on Jun 25, 2017

And yet he heads the Blavatnik Interdisciplinary Cyber Research Center of Tel-Aviv University...go figure.

on Jun 25, 2017

An administrative position, doc. Managing researchers does not a researcher make.

Maybe it's different in medicine, but elsewhere the folks in charge are pretty much never experts of the field (though they may have some distant past experience in it or something related)--they're experts of being in charge. And often even they themselves tend to confuse that distinction.

on Jun 25, 2017

I trust what he has to say. One doesn't have to be an expert in computer science to understand what's wrong with the 'attributability' problem, and I'm pretty sure he has ready access to world class experts on the internet and its structure and function.

 

 

on Jun 25, 2017

 As long as there are proxies, you'll never be able to rely on the source of a data packet.

on Jun 25, 2017

Trust is all good and well, but we're not talking beliefs or subjectives here. He made statements of fact which are easily proven to be unequivocally wrong. So clearly he didn't avail himself of the experts he has access to when he did this interview.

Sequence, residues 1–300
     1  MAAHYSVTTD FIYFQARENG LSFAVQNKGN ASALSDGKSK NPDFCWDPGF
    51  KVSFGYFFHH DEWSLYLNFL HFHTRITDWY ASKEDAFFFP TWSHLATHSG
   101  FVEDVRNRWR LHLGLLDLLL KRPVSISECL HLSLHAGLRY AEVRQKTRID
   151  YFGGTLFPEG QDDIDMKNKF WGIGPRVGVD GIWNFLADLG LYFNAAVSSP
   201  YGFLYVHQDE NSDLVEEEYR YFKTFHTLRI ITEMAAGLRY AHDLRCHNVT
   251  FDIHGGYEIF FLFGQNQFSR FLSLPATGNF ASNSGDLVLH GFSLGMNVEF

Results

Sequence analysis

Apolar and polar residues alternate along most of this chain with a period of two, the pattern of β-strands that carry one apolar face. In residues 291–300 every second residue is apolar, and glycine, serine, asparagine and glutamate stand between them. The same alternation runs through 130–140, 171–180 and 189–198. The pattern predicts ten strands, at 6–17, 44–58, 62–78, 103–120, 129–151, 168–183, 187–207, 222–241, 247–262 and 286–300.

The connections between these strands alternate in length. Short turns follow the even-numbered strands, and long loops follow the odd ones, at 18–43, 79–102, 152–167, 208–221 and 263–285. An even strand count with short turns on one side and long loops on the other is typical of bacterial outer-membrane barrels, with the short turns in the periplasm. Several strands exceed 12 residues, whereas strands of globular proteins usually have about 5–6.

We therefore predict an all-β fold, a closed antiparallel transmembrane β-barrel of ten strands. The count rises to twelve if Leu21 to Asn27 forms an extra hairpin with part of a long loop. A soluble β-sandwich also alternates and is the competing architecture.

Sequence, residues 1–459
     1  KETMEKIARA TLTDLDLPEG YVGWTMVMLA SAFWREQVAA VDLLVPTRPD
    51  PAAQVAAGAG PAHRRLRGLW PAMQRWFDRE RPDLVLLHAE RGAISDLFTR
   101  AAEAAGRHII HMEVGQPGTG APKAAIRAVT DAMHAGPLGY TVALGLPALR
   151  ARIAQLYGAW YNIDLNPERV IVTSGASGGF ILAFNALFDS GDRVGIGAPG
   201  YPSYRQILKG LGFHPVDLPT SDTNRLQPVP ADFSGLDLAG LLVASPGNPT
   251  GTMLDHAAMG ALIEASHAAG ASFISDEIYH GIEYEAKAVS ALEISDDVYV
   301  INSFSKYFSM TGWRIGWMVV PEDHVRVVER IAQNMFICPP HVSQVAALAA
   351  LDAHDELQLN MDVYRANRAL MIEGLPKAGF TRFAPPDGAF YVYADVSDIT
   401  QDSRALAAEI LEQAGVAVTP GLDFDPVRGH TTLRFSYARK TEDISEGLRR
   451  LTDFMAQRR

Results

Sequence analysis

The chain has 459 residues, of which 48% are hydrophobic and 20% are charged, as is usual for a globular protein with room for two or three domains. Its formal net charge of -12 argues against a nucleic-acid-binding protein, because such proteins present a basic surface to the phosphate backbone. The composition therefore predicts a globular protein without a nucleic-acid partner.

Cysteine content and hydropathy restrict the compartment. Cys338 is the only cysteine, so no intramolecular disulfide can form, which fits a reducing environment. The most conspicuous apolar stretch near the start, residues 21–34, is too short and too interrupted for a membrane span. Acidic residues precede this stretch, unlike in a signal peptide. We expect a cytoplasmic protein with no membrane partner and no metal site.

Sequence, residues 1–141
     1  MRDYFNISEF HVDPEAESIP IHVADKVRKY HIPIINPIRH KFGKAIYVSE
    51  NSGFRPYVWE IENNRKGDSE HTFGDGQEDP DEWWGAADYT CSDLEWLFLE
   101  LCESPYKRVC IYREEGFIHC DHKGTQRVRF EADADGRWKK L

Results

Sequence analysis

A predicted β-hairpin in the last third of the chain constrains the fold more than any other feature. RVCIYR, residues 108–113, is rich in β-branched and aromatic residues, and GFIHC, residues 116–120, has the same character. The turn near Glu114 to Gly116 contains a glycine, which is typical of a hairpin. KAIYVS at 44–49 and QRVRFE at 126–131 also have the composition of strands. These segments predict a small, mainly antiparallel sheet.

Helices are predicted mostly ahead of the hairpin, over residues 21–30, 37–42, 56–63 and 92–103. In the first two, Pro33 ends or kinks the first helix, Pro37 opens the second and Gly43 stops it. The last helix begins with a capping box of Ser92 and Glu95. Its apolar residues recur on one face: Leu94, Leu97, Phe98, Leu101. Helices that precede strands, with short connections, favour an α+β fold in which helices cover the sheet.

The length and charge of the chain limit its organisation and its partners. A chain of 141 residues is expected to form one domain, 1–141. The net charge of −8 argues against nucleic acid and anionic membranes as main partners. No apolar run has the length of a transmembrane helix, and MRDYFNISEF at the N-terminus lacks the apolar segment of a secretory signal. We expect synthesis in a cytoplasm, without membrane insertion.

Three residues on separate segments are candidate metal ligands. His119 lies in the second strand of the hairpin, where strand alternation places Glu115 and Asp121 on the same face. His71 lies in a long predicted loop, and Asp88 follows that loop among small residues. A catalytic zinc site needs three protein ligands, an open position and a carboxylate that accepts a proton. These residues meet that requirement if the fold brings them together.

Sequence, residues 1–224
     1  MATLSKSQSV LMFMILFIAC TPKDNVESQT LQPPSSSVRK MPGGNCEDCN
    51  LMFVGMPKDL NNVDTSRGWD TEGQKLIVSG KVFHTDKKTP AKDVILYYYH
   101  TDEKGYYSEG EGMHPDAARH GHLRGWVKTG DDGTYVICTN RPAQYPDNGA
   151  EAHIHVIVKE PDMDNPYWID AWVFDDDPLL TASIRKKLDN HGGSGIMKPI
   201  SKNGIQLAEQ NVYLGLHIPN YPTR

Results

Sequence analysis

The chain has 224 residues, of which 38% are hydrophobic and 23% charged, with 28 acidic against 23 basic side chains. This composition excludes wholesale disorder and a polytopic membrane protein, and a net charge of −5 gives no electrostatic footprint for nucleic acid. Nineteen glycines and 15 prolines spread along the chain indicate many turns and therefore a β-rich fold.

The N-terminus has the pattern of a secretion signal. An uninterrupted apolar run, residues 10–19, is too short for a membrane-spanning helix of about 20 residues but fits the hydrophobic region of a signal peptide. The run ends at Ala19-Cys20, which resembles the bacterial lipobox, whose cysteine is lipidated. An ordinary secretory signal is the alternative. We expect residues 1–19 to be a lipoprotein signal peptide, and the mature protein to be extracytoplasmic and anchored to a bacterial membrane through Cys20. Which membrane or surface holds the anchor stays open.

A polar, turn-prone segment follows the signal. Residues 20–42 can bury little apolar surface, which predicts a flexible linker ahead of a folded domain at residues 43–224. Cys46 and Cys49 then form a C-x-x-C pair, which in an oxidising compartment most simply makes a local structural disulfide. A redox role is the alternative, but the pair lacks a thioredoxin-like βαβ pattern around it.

This is a lot like all the law enforcement officials asserting that encryption should be illegal or the government should have a back door. They really don't understand what they are actually asking for--they just know that it makes their job difficult and they think it needs to change.

Mr. Ben-Israel is a military man, so true to that he wants the internet to change to make it easier to defeat the enemy (whoever that might be). That sounds great on paper if you don't mind the chilling effects to privacy and freedom (not a small thing those). And you can demand people be identified or licensed when making statements or sending messages online, as authoritarian countries are doing. But if you want to change the underlying design of computer networks so you can tell positively where traffic came from, in spite of the fact that it's going to be relayed indirectly? That just isn't possible, and anyone who actually understands how these things work would know that.

on Jun 25, 2017

Which is why I agree it should be re-engineered...the consequences are all to apparent to keep it the way it is at present...but the back doors, etc. are the additional layer of insecurity done because of the attributability thing, in part.

Also...his rank was more a professional thing rather than a line officer thing. As for solutions, CEOs do the same...not just military.

on Jun 25, 2017

I'll make it simple with an analogy.

Normal, direct traffic can be likened to corresponding via letter using pony express. The letter has the recipient and return address on it, so you know who sent it, and you can reply back to them, etc. There are other people involved with getting the letter from point to point (the pony riders), but they don't change the address on it.